Date: 5th April 2023

BETTER FINANCE continued its research series into Robo-advice with this seventh annual edition (2022), mapping a sample of platforms that provide online Robo-advisory investing services, by analysing their (automated) advice process in terms of transparency, costs, portfolio composition, suitability and sustainability options and preferences for the client. This edition’s analysis focuses on Robo-advisors’ ability to deliver independent, bias-free advice and break the quasi-monopoly of the inducement-based (‘non-independent’) distribution model in most EU countries.
The report covers a sample of 16 platforms in 10 countries across Europe, Australia, the USA and Singapore.

Our mystery shopping exercise once again yielded interesting results:

• Fees: The success of the Robo-advice concept hinges on its ability to keep costs low. In this respect, platforms do not fall short as they continue to be far less expensive than the equivalent services provided by more traditional players such as banks, traditional financial advisors and insurers. Robo-advisors maintained their competitiveness over the years with some platforms even lowering their fees in 2022.

• Asset allocation: algorithms continue to generate concerning divergences in expected returns, asset allocation and associated risk between platforms for the same investor profile. However, this issue is not specific to this category of retail distributor. Traditional ones also have divergent stock allocations by profile and often use algorithms.

In instances, a balanced risk-reward profile composed of about 50% equities, is expected to yield almost as much as a portfolio with 0% of its capital invested in equities.3 In other cases, we observed slight improvements in terms of featured equity/risk/expected returns adequacy. However, the suitability of the offer (based on our generic profiling recommendation) of the equity portfolio has not improved across most platforms as we observe an overall stagnation over the years.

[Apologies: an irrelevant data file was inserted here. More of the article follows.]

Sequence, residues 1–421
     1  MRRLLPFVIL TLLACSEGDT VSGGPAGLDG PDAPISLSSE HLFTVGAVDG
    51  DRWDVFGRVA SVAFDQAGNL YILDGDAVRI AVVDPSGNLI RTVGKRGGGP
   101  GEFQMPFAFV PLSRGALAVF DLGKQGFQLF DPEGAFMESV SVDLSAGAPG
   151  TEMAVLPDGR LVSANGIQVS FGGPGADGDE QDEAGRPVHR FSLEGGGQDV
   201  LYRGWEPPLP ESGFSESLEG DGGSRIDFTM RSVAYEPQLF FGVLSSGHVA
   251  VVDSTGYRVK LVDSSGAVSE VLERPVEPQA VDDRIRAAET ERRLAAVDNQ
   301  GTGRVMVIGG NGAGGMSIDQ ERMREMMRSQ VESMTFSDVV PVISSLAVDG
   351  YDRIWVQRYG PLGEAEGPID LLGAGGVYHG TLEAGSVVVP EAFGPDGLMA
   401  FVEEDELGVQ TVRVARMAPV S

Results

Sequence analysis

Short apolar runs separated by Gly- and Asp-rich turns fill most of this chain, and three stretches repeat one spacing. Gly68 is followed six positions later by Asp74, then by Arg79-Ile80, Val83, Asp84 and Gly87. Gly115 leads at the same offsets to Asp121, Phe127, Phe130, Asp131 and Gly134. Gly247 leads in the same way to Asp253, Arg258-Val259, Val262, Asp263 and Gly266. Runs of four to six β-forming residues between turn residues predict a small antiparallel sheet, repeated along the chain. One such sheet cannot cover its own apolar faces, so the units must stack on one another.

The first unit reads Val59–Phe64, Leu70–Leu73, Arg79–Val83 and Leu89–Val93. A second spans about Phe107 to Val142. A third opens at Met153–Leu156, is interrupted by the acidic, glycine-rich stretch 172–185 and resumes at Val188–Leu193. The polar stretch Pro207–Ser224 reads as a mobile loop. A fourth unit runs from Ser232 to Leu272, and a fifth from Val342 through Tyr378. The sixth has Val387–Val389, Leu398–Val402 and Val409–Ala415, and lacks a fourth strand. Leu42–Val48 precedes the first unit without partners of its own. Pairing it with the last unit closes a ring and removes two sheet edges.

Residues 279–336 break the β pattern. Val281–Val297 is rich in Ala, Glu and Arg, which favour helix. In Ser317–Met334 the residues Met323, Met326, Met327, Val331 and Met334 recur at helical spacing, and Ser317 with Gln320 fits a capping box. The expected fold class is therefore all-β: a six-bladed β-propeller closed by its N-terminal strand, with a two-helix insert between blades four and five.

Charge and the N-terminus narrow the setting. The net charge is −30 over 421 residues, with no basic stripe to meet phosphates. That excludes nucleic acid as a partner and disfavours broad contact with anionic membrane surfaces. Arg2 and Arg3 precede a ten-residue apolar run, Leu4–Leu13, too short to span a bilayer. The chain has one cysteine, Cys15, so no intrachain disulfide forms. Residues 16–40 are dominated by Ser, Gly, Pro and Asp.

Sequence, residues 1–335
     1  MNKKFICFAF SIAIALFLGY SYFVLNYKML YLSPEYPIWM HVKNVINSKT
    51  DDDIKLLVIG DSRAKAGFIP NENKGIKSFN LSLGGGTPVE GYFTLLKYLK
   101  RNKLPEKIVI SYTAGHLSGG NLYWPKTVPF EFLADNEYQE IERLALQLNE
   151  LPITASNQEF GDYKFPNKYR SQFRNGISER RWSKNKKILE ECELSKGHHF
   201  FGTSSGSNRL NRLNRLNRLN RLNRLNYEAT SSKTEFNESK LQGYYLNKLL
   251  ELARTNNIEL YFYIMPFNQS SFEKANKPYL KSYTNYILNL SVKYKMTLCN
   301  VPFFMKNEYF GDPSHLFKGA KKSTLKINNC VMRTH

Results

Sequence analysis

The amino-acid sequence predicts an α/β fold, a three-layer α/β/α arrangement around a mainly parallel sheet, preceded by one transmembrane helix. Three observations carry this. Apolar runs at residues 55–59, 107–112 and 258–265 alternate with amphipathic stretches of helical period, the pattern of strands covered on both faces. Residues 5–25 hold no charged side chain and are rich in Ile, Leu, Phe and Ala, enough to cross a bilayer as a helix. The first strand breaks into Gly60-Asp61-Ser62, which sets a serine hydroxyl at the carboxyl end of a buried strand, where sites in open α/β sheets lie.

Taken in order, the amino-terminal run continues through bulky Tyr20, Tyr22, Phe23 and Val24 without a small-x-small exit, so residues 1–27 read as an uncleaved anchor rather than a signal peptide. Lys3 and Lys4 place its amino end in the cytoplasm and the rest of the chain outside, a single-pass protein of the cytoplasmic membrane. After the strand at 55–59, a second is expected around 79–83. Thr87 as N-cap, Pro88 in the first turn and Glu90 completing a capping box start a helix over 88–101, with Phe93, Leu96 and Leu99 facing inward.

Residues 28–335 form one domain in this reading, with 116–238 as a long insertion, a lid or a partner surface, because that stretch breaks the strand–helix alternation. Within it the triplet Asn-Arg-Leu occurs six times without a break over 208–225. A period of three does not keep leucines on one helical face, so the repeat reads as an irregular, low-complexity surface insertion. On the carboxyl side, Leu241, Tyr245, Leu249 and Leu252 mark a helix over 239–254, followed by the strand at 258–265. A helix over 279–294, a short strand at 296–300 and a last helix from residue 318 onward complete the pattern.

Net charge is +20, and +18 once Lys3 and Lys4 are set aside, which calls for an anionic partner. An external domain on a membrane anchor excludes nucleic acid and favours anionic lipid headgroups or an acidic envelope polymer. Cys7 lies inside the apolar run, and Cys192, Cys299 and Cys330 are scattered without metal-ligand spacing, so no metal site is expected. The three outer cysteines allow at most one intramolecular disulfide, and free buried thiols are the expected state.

• Transparency: the combined score of a group of Robo-advisors per category (Fees, Portfolio, Risk and Past Performance) from 2018 to 2022 reveals that online advisors are not improving their scores. Although transparency of information (disclosure) on fees was fairly clear in 2022, transparency with regard to past performance continues to be the worst-performing indicator. As regard the advice recommended (under MiFID II rules), 10 out of 11 EU-based Robo- advisor disclose their independence.

• Conflicts of interests: according to the information disclosed on Robo-advisors’ websites in scope, their business models do not rely on “inducements”. However, one platform alluded to a possibility of selecting such products but assured that any compensation would be fully passed on to the customer, whereas another one does not disclose any information on independence nor inducements.

Overall, Robo-advisors are for the most part considered “fee-only”. In this sense, most Robo-advisors are usually deemed to deliver independent investment advice, thereby eliminating issues of bias and “conflict of interest” in the retail distribution chain.

• Suitability: This report also re-assesses the suitability of the questionnaires used by the different Robo-advisors. A recurring concern is that individual investors are often asked very few questions about their personal situation due to the streamlining of processes.

The research also investigated the suitability of the investment recommendations. In terms of performance, most investments recommended are in low-cost diversified index funds, yielding better returns over time than the average “active” retail funds advised by traditional, non-independent advisors. In terms of diversification, all platforms propose fairly diversified portfolios according to our methodology (see Annex I - methodology).

• Sustainability: The sustainability preferences for potential clients are now a legal component of the suitability assessment. In 2022, it appears that all EU platforms indeed attempt to determine the suitability preferences of their clients, but to a limited extent. Most often, they recommend that clients retake the questionnaire in order to comply with their (limited) sustainable portfolio offer, if any.

Whilst 12 out of 16 Robo Advisors provide investment options labelled as ‘sustainable’, 2 Robo-advisors allow for comprehensive information and questioning, offering a choice between a range of thematic options to be selected.

Interestingly, the 3 non-EU platforms' sustainability integration, however limited, matches 5 of European Robo Advisors' level of sustainability performance, where one non-EU platform even outperforms the 5 European counterparts under scope.

Finally, reflecting on previous year's findings, none of the Robo- advisors provide more specific details on the sustainable investment strategy and the approach taken (such as integration, exclusion, engagement, or impact). The assessment of suitability and sustainability seems to be a perfunctory "tick-the-box" exercise, most likely leading to a discrepancy with clients’ expectations.